I am not a motivational speaker. Nor am I someone who has a ‘KEEP CALM AND CARRY ON’ frame in my home. However, I was in a consultant’s waiting room the other week and saw this quote scribbled on the whiteboard:

“Not everything that can be counted counts, and not everything that counts can be counted.”*

It intrigued me because the more I read it, the more I realised how vast the interpretation of this quote could really be. And at this time of year when everyone is frantically trying to close deals before Christmas, set up new ones for the year ahead and organise everything else in between, I thought this would be a good excuse to stop and reflect – something that none of us really have time to do, but something that is completely underrated. So if you can, just sit for one moment and give some thought to the following: Do counted things always count? And can those things that count, be counted?

Let’s first consider some qualitative aspects of a business. Things such as an employee’s honesty, integrity and value to a team; or a company’s strategy, marketing endeavours, and public reputation. These are all examples of things that weigh heavily in a business and count for a lot, however it is very difficult to place an exact value on what they contribute.

Now imagine counting the dollars spent on creating an innovative product. You outlay money to develop it and perfect it, only then to realise there’s no money left to promote it. Oops. If your target audience does not know about this innovative product, how will they know to buy it? If no one buys it, what does it ‘count’? One may argue it counts as a lesson in product development and the importance of marketing. However, the dollars spent can’t really ‘count’ as they have not delivered commercial success for your product. So the interpretation of what counts in this type of case, can be quite subjective.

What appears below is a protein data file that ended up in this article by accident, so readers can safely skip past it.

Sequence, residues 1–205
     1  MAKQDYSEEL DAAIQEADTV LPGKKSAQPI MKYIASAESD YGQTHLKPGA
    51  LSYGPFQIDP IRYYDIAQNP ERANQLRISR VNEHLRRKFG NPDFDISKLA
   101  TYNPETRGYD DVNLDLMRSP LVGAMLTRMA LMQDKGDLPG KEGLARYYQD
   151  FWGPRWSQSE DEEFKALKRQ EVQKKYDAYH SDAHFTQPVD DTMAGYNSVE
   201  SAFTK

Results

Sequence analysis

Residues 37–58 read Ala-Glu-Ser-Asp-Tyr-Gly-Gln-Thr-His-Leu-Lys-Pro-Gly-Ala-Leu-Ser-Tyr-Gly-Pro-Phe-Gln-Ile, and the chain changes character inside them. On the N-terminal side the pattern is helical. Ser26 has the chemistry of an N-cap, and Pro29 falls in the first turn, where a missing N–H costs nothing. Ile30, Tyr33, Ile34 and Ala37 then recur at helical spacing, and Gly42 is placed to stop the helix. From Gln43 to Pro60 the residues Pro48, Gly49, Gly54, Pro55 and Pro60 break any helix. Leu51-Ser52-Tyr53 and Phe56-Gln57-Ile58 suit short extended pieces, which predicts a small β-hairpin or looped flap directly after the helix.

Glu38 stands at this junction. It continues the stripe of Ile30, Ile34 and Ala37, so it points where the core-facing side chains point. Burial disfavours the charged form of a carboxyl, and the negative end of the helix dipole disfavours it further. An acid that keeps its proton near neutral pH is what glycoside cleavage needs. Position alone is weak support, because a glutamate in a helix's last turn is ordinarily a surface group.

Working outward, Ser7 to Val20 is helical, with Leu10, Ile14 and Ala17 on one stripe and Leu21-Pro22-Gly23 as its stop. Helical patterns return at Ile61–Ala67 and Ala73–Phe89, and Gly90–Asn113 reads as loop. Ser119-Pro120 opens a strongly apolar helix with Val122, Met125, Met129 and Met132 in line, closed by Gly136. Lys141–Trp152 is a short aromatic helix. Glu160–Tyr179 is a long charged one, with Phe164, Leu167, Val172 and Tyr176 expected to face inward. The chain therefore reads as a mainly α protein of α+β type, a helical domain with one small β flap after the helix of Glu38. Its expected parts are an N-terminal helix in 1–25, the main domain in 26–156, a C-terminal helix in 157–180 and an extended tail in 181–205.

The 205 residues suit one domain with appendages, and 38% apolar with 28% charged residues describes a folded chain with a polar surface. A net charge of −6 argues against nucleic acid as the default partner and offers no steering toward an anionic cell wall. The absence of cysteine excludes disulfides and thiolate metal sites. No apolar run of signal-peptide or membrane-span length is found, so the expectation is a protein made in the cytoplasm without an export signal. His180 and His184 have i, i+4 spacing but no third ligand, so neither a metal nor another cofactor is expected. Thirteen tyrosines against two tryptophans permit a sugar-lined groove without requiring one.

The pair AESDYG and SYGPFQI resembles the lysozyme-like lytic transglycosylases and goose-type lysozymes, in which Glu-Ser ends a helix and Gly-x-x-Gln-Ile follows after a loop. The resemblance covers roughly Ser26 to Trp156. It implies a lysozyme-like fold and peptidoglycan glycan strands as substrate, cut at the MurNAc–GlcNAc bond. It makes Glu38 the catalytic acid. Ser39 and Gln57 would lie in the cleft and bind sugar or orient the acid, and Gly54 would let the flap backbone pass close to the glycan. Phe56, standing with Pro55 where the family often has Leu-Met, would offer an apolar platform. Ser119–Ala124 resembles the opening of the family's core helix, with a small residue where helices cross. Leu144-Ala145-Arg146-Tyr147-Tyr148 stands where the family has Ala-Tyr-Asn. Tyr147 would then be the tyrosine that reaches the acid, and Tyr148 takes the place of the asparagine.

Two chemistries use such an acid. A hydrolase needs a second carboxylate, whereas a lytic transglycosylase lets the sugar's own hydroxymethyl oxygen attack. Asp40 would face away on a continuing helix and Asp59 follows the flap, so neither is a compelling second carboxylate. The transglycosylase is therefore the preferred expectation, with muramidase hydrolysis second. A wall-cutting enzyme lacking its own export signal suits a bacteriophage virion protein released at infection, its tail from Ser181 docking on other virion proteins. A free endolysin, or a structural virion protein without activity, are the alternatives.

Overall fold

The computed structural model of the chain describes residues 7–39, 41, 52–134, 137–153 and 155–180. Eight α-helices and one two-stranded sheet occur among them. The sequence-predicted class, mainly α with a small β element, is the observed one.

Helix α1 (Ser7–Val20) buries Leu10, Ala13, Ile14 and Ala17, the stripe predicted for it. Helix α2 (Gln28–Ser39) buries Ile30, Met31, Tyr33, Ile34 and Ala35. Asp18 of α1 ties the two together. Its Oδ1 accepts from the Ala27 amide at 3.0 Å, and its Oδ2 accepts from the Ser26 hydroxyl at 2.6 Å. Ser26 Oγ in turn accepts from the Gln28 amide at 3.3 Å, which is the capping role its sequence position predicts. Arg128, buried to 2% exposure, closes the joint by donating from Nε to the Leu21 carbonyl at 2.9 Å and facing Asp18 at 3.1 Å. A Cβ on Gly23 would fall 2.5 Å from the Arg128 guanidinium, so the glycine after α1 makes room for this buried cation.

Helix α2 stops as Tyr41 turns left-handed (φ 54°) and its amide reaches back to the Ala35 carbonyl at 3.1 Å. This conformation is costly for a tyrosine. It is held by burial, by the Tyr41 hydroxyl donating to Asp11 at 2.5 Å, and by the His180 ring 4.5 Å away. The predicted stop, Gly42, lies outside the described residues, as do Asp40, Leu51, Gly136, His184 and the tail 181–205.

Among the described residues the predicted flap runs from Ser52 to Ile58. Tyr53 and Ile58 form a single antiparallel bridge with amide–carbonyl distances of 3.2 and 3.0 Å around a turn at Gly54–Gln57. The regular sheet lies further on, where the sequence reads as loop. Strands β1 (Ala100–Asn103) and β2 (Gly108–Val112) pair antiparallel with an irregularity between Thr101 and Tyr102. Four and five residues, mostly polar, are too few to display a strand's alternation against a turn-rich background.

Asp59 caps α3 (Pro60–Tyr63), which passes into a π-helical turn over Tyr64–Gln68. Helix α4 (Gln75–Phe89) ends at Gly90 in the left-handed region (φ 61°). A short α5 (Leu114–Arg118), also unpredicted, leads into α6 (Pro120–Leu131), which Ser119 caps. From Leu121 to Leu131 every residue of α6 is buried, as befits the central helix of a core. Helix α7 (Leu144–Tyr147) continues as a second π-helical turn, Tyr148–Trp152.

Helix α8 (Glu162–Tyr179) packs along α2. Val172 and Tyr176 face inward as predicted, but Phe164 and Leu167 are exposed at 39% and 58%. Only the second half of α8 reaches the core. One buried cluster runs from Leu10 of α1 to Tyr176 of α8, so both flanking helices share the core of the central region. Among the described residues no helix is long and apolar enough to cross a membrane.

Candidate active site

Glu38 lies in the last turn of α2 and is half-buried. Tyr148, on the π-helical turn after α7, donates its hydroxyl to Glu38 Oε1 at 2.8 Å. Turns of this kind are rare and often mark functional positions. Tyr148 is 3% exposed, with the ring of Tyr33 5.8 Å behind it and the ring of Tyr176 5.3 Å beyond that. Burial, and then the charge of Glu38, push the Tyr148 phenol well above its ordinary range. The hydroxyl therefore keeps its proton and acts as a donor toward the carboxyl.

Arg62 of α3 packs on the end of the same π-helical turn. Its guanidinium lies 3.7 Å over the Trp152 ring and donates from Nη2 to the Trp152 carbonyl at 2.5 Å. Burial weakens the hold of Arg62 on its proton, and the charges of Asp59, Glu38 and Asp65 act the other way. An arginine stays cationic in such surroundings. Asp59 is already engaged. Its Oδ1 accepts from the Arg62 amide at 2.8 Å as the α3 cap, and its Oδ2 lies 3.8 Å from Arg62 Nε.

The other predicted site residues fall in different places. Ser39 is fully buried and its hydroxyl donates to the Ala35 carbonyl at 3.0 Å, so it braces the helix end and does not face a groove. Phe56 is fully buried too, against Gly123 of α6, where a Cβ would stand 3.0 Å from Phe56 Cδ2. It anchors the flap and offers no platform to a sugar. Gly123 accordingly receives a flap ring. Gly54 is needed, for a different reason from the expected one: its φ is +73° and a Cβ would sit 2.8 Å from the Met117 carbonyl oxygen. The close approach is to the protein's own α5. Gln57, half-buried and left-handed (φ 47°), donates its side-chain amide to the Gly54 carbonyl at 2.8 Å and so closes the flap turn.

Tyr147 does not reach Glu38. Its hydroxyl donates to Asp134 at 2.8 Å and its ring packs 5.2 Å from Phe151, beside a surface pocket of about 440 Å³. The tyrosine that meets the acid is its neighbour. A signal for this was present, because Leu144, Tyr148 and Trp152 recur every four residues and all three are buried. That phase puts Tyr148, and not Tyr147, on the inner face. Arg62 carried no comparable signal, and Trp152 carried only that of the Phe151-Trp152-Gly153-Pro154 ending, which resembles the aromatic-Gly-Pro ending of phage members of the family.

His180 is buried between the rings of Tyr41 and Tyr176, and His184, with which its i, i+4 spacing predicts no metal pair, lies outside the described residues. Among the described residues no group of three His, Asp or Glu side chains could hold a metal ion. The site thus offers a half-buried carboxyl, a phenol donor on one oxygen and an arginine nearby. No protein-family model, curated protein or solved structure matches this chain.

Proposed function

And the same applies to personal reflection – it will be different for everyone. I could tell you that the effects of kindness cannot be counted. Or health, humility, honesty and trust. To me these values count, but to you they may not. And that’s ok, I don’t intend to impose peace-loving values on you or make you start ‘ommm-ing’.  Rather, I’m hoping this short note will encourage you to stop, for one moment and reflect on what really is important and what really does count, both in your career and in your home. Then you can be the one to decide whether this statement ‘counts’ or not.

(*There is speculation about whether this is Albert Einstein’s quote or William Bruce Cameron so here I give credit to both for a great thought provoking statement.)

acronyms and effective communication

“We don’t talk anymore…like we used toooo doooooo”*

GAS! (Greetings and Salutations!),